Follow Techotopia on Twitter

On-line Guides
All Guides
eBook Store
iOS / Android
Linux for Beginners
Office Productivity
Linux Installation
Linux Security
Linux Utilities
Linux Virtualization
Linux Kernel
System/Network Admin
Programming
Scripting Languages
Development Tools
Web Development
GUI Toolkits/Desktop
Databases
Mail Systems
openSolaris
Eclipse Documentation
Techotopia.com
Virtuatopia.com

How To Guides
Virtualization
General System Admin
Linux Security
Linux Filesystems
Web Servers
Graphics & Desktop
PC Hardware
Windows
Problem Solutions
Privacy Policy

  




 

 


Next: , Previous: Running the Compiler, Up: Writing Tests

6.5 Running the Linker

To check for a library, a function, or a global variable, Autoconf configure scripts try to compile and link a small program that uses it. This is unlike Metaconfig, which by default uses nm or ar on the C library to try to figure out which functions are available. Trying to link with the function is usually a more reliable approach because it avoids dealing with the variations in the options and output formats of nm and ar and in the location of the standard libraries. It also allows configuring for cross-compilation or checking a function's runtime behavior if needed. On the other hand, it can be slower than scanning the libraries once, but accuracy is more important than speed.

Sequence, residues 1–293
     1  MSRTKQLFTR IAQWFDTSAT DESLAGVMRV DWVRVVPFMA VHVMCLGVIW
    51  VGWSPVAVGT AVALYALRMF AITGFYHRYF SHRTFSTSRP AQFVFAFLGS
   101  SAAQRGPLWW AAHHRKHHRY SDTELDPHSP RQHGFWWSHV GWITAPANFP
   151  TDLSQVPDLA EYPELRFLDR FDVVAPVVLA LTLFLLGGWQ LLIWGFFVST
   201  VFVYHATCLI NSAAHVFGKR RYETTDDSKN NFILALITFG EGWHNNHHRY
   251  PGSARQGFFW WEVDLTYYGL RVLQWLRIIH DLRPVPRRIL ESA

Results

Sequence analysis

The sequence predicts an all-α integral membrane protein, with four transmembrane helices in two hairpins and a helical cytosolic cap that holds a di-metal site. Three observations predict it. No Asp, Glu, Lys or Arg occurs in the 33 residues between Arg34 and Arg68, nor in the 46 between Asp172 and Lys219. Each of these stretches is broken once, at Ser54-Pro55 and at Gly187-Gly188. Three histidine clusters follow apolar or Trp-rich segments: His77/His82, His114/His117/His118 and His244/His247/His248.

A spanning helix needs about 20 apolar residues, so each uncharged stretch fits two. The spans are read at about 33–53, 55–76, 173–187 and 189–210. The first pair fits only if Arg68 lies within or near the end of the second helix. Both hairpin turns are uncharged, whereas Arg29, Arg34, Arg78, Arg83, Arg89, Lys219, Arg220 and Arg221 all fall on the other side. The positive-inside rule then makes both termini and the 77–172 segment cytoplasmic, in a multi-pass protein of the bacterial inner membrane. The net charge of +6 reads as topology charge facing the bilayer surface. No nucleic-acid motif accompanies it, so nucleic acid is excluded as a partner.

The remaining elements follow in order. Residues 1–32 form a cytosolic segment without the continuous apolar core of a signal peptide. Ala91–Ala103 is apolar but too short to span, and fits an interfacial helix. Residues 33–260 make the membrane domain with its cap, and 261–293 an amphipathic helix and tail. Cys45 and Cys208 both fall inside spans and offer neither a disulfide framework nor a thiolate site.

AC_LINK_IFELSE is used to compile test programs to test for functions and global variables. It is also used by AC_CHECK_LIB to check for libraries (see Libraries), by adding the library being checked for to LIBS temporarily and trying to link a small program.

— Macro: AC_LINK_IFELSE (input, [action-if-true], [action-if-false])

Run the compiler (and compilation flags) and the linker of the current language (see Language Choice) on the input, run the shell commands action-if-true on success, action-if-false otherwise. The input can be made by AC_LANG_PROGRAM and friends.

LDFLAGS and LIBS are used for linking, in addition to the current compilation flags.

It is customary to report unexpected failures with AC_MSG_FAILURE. This macro does not try to execute the program; use AC_RUN_IFELSE if you need to do that (see Runtime).

The AC_LINK_IFELSE macro cannot be used for Erlang tests, since Erlang programs are interpreted and do not require linking.


 
 
  Published under the terms of the GNU General Public License Design by Interspire